Studies provide new insights on mosquito-borne chikungunya virus infection

December 20, 2017, Wiley

The frequency of chronic joint pain after infection with chikungunya in a large Latin American cohort was 25% at a median of 20-months post-infection. In the Arthritis & Rheumatology study, significant predictors of persistent joint pain included being a college graduate, headache, knee pain, missed work, normal activities effected, four or more days of initial symptoms, and four or more weeks of initial joint pain.

The finding of chronic in one fourth of the patients infected with chikungunya, a mosquito-borne illness, approximately two years after initial infection has important implications for prediction of the magnitude of disability and health system costs after the Latin American epidemic.

The investigators hypothesized that persistent active chikungunya is responsible for chronic arthritis and joint and that chikungunya viral RNA would be present in the synovial fluid; however, in another study published in Arthritis & Rheumatology, the researchers did not detect viable virus after culture of synovial fluid in any of the participants who were studied for a median 22 months after infection.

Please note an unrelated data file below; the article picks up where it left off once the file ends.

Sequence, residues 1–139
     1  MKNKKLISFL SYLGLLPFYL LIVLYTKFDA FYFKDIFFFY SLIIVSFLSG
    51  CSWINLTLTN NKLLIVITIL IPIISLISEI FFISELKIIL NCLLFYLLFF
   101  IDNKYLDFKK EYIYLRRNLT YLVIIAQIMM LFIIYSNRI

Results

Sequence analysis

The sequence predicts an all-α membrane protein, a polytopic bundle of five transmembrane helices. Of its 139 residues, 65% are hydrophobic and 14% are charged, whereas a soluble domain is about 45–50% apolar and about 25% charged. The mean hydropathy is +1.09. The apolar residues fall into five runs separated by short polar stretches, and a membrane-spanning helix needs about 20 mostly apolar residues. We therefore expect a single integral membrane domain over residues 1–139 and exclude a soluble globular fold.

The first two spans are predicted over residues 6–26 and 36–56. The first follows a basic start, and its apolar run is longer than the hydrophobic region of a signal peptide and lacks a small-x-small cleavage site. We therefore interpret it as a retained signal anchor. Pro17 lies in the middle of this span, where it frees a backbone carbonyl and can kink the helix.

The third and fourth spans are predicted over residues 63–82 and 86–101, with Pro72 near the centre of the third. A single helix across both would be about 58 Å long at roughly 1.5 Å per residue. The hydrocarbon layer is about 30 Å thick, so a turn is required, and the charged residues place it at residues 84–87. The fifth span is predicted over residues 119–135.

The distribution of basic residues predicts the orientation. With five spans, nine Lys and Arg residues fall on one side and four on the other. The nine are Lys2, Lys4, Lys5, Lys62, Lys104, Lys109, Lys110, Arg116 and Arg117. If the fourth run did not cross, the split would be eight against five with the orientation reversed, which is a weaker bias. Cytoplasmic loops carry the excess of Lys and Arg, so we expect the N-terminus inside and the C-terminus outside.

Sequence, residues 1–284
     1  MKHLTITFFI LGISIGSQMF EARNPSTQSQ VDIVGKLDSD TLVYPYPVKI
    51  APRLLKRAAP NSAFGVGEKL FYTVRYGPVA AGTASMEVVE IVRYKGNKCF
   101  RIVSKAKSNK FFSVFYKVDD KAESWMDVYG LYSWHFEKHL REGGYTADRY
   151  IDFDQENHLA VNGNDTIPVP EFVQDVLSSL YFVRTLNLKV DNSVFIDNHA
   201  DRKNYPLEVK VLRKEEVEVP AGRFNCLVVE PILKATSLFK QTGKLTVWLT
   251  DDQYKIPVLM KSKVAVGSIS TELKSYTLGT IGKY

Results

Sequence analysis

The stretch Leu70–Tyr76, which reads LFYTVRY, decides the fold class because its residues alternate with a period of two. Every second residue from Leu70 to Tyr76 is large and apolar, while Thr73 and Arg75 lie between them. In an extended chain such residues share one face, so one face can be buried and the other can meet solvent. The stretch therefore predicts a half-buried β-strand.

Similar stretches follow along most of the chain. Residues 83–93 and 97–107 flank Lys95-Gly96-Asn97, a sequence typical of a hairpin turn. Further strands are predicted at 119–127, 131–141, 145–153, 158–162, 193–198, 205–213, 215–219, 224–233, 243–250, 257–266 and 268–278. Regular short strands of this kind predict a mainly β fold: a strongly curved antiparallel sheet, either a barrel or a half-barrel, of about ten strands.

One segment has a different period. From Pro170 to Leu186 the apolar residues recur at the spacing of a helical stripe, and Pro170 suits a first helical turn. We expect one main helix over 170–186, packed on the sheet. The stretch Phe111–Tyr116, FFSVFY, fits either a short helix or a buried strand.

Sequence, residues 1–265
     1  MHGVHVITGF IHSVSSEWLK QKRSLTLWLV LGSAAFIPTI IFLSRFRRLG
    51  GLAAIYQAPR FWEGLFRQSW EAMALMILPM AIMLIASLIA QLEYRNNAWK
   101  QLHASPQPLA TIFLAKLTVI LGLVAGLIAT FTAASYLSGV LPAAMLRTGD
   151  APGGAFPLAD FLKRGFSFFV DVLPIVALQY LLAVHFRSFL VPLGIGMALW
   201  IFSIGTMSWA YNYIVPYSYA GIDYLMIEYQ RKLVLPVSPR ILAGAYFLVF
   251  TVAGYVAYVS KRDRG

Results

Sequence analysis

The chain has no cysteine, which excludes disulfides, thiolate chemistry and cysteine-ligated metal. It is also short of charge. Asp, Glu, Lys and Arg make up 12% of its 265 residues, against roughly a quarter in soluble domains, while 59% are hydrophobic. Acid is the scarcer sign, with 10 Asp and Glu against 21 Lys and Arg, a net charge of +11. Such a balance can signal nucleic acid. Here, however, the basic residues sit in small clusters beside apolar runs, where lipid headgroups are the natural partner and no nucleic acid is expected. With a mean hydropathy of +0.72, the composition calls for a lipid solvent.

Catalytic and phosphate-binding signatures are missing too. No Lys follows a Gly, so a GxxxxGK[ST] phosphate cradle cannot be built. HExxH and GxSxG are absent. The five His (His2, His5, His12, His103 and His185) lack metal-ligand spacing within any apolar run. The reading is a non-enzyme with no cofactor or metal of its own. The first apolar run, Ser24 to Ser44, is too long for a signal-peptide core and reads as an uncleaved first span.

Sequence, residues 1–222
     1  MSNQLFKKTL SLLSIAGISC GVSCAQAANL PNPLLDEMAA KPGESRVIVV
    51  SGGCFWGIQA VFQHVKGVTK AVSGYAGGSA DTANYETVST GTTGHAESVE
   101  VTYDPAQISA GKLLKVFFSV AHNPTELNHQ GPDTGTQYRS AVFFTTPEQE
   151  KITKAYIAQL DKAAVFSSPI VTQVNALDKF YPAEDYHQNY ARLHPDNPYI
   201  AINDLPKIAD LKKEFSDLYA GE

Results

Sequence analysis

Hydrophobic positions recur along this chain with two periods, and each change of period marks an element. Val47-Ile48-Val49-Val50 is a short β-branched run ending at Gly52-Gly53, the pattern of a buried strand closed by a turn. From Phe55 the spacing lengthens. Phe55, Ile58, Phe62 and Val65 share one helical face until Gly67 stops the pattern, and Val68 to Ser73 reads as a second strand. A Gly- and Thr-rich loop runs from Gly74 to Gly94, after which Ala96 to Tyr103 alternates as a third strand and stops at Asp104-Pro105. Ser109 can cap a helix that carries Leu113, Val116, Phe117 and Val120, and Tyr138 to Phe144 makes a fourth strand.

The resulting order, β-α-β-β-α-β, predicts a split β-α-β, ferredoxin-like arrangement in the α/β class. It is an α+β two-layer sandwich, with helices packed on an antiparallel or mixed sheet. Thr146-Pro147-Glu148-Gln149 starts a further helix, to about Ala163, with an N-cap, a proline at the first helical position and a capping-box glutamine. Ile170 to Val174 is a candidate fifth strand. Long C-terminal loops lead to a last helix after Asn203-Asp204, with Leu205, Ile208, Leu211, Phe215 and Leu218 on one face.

Explore further: Tropical virus symptoms can mimic rheumatoid arthritis, study says

More information: Aileen Y. Chang et al, A cross-sectional analysis of chikungunya arthritis patients 22-months post-infection demonstrate no detectable viral persistence in synovial fluid, Arthritis & Rheumatology (2017). DOI: 10.1002/art.40383

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